Until he totally fabricated a story of weapons of mass destruction in Iraq and the threat to America. His nose grew six inches after he claimed our right to self-preservation, and then he launched the most imbecilic war of the 21st century.

Obama struggled with a national health care bill. He realized that all of the Republicans and too many Democrats didn’t believe in the concept until way late. So he forced it through and pretended it was cheaper and better instead of telling the truth. In truth, the Affordable Care Act was a first step — a work in progress. Something to make great if we were capable of making it great. We weren’t. We didn’t. It’s really a DNA issue. See Columbine, et al. Obama forgot he lived in a racist country. Mind-boggling.

So for a really long time the American people were scammed and screwed yet none of these presidents were real schemers. Trump was only that, and when he saw all those vulnerable, unprotected chickens in the hen house, he pounced.

Actions that were easily deemed to be racist, fascist, and treasonous were passed over by the Congress and the American people. That no Republicans stood up against his behavior, that our church leaders were almost muted as they have been on every important social issue in our history except abortion, that Trump’s base continued to scream “lock her up.” Bend over, America. We love you to death.

Truth, awareness, and courage have never been a political strong suit in the U.S. We have never more desperately needed these qualities and never found them more lacking.

NEIL HAUSIG



Seriously Flawed

Amagansett

May 6, 2019

To the editor,

Does The East Hampton Star deliberately slant its reporting against public access rights with respect to Cartwright Island and Shoal? 

For starters, let’s compare headlines in The Star and The Press, both reporting on the recent release of a report to the town trustees, by Steve Boerner, on Cartwright Island ownership and public access rights. The Star’s April 25 headline announces: “Sandy Spit Off Gardiner’s and Off Limits,” as if the report has settled the question once and for all. The Press’s April 30 headline, however, casts doubt on that spin, with a much more evenhanded headline: “Gardiner’s Island Rights Debate Continues.”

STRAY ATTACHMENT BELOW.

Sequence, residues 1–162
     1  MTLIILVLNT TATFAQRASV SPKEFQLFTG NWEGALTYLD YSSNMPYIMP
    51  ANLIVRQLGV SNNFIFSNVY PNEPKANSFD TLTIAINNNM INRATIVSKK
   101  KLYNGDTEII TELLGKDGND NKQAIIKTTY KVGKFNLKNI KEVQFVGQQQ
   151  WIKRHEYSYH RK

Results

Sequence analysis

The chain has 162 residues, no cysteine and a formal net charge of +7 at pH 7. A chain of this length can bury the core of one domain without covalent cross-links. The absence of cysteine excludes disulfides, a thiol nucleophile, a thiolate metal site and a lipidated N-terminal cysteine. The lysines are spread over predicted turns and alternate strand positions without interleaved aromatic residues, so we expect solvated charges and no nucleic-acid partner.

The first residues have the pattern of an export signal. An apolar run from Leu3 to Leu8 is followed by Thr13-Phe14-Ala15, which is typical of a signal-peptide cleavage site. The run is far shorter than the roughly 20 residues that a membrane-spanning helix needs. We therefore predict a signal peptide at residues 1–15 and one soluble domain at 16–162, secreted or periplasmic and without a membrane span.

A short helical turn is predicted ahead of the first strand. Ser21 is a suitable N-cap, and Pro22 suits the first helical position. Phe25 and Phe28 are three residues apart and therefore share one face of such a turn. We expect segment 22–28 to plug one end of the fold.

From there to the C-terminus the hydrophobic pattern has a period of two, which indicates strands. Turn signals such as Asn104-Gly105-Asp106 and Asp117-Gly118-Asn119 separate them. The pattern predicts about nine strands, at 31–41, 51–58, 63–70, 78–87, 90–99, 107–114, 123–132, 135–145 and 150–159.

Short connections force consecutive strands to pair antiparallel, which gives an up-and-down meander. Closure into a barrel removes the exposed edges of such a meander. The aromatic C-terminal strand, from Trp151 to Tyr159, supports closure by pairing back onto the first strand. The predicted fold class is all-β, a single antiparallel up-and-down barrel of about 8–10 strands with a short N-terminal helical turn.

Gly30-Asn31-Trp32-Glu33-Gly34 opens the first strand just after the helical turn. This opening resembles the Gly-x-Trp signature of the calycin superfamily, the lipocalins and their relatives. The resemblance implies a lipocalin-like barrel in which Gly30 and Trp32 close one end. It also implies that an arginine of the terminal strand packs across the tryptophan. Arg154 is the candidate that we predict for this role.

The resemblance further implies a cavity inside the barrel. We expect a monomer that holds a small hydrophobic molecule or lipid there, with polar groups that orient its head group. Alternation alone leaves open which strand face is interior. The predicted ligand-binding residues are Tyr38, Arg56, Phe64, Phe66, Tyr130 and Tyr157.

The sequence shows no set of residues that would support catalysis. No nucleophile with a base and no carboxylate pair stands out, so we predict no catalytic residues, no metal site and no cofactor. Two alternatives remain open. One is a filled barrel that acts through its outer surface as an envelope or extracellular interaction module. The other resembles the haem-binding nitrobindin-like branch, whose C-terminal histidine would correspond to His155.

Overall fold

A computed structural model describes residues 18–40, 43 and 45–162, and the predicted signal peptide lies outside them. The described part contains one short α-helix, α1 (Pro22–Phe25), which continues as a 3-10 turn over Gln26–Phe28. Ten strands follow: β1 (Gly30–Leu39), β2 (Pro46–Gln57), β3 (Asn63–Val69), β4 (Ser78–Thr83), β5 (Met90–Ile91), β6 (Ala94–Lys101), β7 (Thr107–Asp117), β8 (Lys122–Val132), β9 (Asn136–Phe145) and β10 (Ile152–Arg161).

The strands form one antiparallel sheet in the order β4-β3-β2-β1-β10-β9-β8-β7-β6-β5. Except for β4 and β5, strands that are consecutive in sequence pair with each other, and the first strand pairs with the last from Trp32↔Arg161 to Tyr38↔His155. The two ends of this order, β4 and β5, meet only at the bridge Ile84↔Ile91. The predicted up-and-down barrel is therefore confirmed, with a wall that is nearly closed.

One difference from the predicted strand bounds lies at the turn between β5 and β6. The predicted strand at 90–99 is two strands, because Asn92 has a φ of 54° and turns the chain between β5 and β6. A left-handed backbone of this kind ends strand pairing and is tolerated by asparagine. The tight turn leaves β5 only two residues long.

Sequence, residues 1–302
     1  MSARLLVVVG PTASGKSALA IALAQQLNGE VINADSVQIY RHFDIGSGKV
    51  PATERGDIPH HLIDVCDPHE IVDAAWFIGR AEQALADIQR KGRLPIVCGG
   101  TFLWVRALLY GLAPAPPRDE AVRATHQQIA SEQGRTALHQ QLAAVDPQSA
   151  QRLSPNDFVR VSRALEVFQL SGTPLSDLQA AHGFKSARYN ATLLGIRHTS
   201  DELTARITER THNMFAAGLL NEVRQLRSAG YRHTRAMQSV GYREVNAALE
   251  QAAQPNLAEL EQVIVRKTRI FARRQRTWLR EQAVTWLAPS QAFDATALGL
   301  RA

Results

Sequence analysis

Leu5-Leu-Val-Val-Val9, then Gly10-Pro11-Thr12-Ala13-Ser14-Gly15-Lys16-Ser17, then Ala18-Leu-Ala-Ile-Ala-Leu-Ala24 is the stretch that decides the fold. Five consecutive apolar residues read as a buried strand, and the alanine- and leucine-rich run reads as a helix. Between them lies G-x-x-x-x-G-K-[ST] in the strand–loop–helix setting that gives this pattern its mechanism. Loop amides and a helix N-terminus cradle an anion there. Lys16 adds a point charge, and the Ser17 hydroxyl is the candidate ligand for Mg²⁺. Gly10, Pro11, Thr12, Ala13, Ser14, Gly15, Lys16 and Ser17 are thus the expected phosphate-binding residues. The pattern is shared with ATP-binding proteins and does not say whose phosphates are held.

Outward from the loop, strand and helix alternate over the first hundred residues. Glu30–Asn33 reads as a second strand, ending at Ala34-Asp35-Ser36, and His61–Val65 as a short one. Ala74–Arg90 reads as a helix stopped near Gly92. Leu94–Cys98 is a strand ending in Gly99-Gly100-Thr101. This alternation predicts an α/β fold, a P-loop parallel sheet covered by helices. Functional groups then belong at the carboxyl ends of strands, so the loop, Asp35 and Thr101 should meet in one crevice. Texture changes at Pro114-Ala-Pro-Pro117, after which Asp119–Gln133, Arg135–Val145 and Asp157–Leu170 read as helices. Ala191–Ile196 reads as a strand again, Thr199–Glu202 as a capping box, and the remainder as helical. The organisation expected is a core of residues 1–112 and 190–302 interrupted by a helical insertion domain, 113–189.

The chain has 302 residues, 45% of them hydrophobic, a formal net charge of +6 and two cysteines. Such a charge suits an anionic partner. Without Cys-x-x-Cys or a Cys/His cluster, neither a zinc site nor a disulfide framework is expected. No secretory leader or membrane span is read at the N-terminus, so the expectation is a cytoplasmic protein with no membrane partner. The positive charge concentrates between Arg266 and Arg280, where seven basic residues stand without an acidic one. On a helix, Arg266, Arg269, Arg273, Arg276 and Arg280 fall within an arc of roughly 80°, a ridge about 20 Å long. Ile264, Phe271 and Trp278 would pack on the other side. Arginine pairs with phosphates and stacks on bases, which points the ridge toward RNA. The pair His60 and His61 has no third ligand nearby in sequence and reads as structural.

The Star’s headline bias is clear in comparison. The question is, how far does that bias go? So far, perhaps, that The Star and a subset of the town trustees together orchestrated the release of a report that they knew was flawed and damaging to public access rights, deciding nevertheless on a series of steps to portray it as authoritative?

The trustees knew Mr. Boerner’s final report might be seriously flawed because they had been warned about it at least twice. As the citizen who had asked the trustees to defend public access rights with respect to the Cartwright foreshore, I had warned them about this in an email on Nov. 18, after reviewing the preliminary report submitted that week. I wrote: “I ask that you hold off on any public release of Mr. Boerner’s new preliminary report pending [expert review] . . . Serious problems exist with the report, which does not consider public access rights at all. With multiple errors, the not-fully-baked report could be damaging to actual existing public access rights under the Public Trust (or the public’s perception of their rights). As trustees of the Public Trust, you should not allow public access rights to be so damaged, and the public to be so misled by a supposed authority. I respectfully suggest you ask senior experts on local history, public trust, and land conservation issues. to take a hard look at this preliminary report before you [proceed further].” 

I went into detail on the errors, omissions, eccentric theories, and departures from established facts and law, and also did so in person at the trustees meeting on Dec. 10. The trustees, at that point, heeded my advice to not release the preliminary report and wrote to me: “The trustees have not released [the report] to any press or anyone other than you and Rona [Klopman].”

The other person to inform the trustees the report was seriously flawed was Christopher Carillo, the trustees’ attorney, who warned them in a Feb. 18 email that “publishing this product will open the doors to ridicule and hole poking.”